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As part of the Faith and Spirituality in YA Lit (#FSYALit) Discussion, we are honored today to feature guest blogger and YA author Shveta Thakrar to discuss Hinduism in YA Literature.
One thing that frustrates me is seeing the word religious come to be equated with “Christian.” Not only is this inaccurate, but it also erases those of us who practice any other faith or even just come from a background associated with one. Even if you don’t often see them on TV or in movies and books, Hindu teens exist all over the world, and their stories deserve to be told, too. (Since I live and write in North America, I’m going to focus this post on that market.)
Literature helps shape how we view those around us, so it’s vital that writers not only think about why they are writing their characters (going beyond straight, white, able-bodied, cis, Christian people) but how they do it. Like with any other faith, not everyone who is nominally Hindu practices, not everyone even believes, and for the gods’ sakes, we’re certainly not all repressed! But many of us do believe and practice in different ways, and I’d really love to see all these journeys depicted respectfully and thoughtfully in young adult novels.
Worldwide, the Hindu population is projected to rise by 34 per cent over the period, from a little over 1 billion to nearly 1.4 billion, roughly keeping pace with overall population growth, the report noted. – Source: The Hindu.com
I’ve noticed a general lack of familiarity with Hindu dharma/Hinduism or misunderstanding of what it is in North American media. Spoiler: it’s a very old and rich, complex collection of beliefs, scripture, and practices that vary from region to region in South Asia and was really only brought under one umbrella during the British occupation. And no, despite what Indiana Jones and the Temple of Doom claimed, we do not eat eyeballs. In fact, many of us, but not all, are vegetarian—inspired long, long ago by Buddhism. No stereotypes or dismissive attitudes, please.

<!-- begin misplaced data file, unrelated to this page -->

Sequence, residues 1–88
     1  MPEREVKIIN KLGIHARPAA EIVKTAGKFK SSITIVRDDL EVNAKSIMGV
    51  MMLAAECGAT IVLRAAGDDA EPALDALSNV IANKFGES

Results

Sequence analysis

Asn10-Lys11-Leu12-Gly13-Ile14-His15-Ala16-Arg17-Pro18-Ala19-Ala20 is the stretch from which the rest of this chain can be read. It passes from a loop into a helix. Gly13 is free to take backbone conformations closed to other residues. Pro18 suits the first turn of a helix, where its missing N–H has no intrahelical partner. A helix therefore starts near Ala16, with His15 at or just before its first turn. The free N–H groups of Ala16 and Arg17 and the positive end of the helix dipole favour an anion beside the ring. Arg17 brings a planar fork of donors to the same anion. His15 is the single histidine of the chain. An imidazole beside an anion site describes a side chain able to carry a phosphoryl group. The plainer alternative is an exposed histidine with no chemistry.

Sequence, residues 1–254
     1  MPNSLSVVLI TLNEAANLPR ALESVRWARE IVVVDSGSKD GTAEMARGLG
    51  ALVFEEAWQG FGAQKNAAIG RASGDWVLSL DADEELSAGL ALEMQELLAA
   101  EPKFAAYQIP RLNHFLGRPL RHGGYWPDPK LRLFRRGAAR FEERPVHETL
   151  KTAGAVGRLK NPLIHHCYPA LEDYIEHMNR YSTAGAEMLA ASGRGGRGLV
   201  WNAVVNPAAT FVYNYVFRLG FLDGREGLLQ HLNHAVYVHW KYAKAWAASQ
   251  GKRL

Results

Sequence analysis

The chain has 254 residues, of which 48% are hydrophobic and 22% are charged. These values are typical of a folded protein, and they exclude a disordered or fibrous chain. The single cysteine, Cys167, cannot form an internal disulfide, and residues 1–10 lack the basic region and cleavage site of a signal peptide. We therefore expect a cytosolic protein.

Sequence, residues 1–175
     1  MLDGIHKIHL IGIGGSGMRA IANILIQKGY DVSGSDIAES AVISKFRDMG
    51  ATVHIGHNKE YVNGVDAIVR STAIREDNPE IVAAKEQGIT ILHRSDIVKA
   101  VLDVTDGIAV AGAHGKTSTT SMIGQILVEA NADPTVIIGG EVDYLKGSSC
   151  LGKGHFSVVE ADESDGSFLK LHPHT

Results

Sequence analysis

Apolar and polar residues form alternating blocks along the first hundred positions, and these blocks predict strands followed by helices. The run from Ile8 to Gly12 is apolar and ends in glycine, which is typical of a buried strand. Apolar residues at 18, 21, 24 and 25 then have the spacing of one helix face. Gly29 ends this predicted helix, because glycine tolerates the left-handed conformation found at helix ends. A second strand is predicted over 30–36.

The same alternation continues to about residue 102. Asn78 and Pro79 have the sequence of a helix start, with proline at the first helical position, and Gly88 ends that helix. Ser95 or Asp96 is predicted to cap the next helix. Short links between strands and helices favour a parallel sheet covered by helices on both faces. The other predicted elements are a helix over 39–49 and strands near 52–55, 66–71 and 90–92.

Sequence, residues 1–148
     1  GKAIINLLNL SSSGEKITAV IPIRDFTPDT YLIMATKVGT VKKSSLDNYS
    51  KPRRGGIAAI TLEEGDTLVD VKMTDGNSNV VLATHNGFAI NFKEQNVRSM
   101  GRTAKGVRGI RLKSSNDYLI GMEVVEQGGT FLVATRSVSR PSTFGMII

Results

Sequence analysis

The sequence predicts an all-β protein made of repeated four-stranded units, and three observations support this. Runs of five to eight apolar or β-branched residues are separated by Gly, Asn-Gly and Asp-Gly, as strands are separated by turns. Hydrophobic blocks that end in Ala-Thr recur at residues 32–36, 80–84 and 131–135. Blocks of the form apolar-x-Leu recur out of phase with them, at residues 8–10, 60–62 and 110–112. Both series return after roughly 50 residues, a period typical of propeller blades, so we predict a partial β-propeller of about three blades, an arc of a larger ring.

I’ve been told I’m exotic, whatever that means, I’ve had my bindi mocked, and I’ve even been told I would burn in hell for not being Christian. Please don’t do those things, and writers, please, please, please don’t put them in your novels. Instead, do your research! Hindu dharma is far more than (often misunderstood) karma, chakras (pronounced “chuk-ruh”), and (again misunderstood) tantra.
When I was a teen, I would have given anything for characters who looked like me with names like mine, who grew up in the West but with Hindu rituals and beliefs shaping our lives in overt and subtle ways—so I would have known I was okay and important, too. So I’d like to see well-researched novels star Hindu characters in a story that isn’t about them struggling with being brown or Hindu. That happens sometimes in real life, sure, but there’s so much more to us, and for some reason, with a couple exceptions, that’s the only story we ever get. Why? We should get to have magical adventures or go on epic road trips or win art contests or dye our hair bright pink and teal (yes, you can like saris and punk rock, or not; people are complex) or have huge crushes on boys/girls/people outside the gender binary just like any other character.
I’d especially like to see novels that use Hindu mythology and folklore—with Hindu characters. I cannot stress this enough. This means no white saviors coming in to save the day, and no one showing us the light about how being Western/Christian/fill in the blank is the right way to be. Just exciting, well-researched, well-crafted, thoughtful, fun books!
And one thing we can all do—writers, booksellers, librarians, reviewers, readers—to help right the incredible imbalance of white characters to everyone else in YA is to support writers from the background they share with the characters they’re writing about. In other words, let us tell our own stories first, and use the megaphone of your platform to boost them. Erasure happens on many fronts, but at the end of the day, because Hindus are an underrepresented group in North America, no one else is going to be able to tell our stories as well as we can (Coe Booth nailed it in this podcast with Sara Zarr.) Our voices matter.
I’ve compiled a list of the few titles I’ve found in the North American market that deal with Hindu dharma in some way. It’s not a long list, and I definitely hope that changes in the near future. (It’s a mix of contemporary, romance, historical fiction, and fantasy, with the role of Hinduism in the text ranging from large to incidental, just like with any faith or religi
Chasing Shadows by Swati Avasthi
5 to 1 by Holly Bodger. I haven’t yet read this, but the author told me that while religion has been banned in the book, Hindu influences linger in various ways, including in the characters’ names. (May 12, 2015 from Knopf Books for Young Readers)
Ash Mistry and the Savage Fortress by Sarwat Chadda (the first in a middle-grade trilogy)*
Ash Mistry and the City of Death by Sarwat Chadda (book two)
Ash Mistry and the World of Darkness by Sarwat Chadda (book three)
The Bride of Dusk and Glass by Roshani Chokshi (out in 2016)
Lovetorn by Kavita Daswani
Born Confused by Tanuja Desai Hidier
“Believe it or not, Dimple–and I would believe it–I am just a regular person who has decided to be who I am in life. That’s all. That’s how you make your life magical–you take yourself into your own hands and rub a little. You activate your identity. And that’s the only way to make, as they say, the world a better place; after all, what good are you to anyone without yourself?”